Some veterans may be able to receive assistance with assisted living services or costs. The following are ways in which the Department of Veterans Affairs can provide support, counseling, services, and resources.

Mental Health Support

There are many options for retired service members and their spouses. According to the official Veterans Affairs website, 1.7 million veterans received mental health services in 2018. For veterans that already receive benefits, primary care physicians can provide a referral to a counselor in your area. For veterans and their spouses who may be home-bound or without transportation, online options are also available.

Veterans Aid and Attendance Benefit

The Veterans Aid and Attendance benefit can help offset rising care costs for veterans with clinical depression who are searching for adequate assisted living care. A wartime veteran or their surviving spouse with limited income may be eligible to receive a non-service connected pension. There are three levels of VA Pensions:

  • Basic Pension: Services provided for healthy veterans over the age of 65 with low incomes.
  • Aid & Attendance Pension: Provides additional monthly income over and above the Basic Monthly pension. To be eligible for this pension, one must also meet the requirements for the Basic Pension.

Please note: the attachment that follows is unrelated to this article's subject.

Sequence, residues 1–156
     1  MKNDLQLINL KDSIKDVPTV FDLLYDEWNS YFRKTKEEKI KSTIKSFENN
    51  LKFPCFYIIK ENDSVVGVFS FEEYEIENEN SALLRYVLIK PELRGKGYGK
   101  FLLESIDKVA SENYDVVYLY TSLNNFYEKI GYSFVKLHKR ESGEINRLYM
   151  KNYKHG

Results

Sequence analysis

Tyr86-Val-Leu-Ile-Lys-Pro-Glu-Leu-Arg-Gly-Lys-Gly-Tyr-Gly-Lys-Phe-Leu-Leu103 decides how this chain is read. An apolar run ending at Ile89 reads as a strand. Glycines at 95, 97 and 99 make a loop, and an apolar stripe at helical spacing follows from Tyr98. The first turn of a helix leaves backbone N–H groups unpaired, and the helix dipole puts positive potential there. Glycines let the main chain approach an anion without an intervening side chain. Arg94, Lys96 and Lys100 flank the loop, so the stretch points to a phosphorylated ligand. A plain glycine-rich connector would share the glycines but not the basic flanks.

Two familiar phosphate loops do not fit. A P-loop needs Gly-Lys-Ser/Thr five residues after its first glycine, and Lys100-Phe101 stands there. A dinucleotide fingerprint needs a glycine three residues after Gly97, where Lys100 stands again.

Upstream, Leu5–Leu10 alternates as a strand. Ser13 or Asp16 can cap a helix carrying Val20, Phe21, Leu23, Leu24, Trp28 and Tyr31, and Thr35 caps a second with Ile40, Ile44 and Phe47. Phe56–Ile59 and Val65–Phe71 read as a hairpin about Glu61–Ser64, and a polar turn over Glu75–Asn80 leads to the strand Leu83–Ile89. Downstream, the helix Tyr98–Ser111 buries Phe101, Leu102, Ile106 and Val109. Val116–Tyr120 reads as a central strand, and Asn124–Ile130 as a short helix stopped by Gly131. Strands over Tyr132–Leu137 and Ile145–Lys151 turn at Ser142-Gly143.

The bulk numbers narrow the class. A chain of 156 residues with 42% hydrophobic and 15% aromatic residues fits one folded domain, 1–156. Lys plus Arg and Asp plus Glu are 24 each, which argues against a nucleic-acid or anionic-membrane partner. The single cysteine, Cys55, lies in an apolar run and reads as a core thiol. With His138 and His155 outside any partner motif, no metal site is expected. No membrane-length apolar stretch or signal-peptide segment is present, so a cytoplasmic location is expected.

• Housebound Pension: For veterans with a disability rating of 100 percent that prevents them from leaving their homes, but does not have to be related to their military service.

General Requirements

The following requirements can be met by a veteran or spouse:

  • Age: Must be 65 years or officially disabled, if younger
  • Period of Service: Veterans must be considered “wartime veterans” serving at least 90 days in the military and one day during the war (non-combat applies).
  • Discharge Status: Veteran cannot have been dishonorably discharged
  • Marital Status: Surviving spouse must have been living with the veteran at the time of death to claim benefits

For more information on Veteran Benefits and assistance with eligibility, you can call 877-222-8387 to find the right resources for your needs. If you have hearing loss, call TTY: 800-877-8339.

Locating Assistance

Locating an assisted living facility that can accommodate the needs of a person with clinical depression can be overwhelming. By turning to the experts at Family Advisor, you have access to up-to-date information, resources, and advocacy. Your team will assist you in locating the right assisted living facility within your budget. To connect to a Family Advisor call, toll-free, at 800-973-1540.

Resources for Seniors Who Are Struggling with Depression

Find a Therapist

Psychology Today

Psychology Today helps those seeking treatment by providing a directory of board-certified psychologists across the United States. Visit this link to locate gerontology psychologists in your area.

Stay Informed

National Council on Aging Center for Healthy Aging Mental Health Resources

The National Council on Aging will help seniors and their loved ones understand the stages of aging and provide resources that can help everyone navigate the course of mental health.

Get Involved

The Community Guide Mental Health Recommendations

American Psychological Association’s Depression and Suicide in Older Adults Resource Guide

These resources are guides for loved ones to become involved in learning about mental health. Learn the signs of clinical depression, prevent suicide, and seek assistance.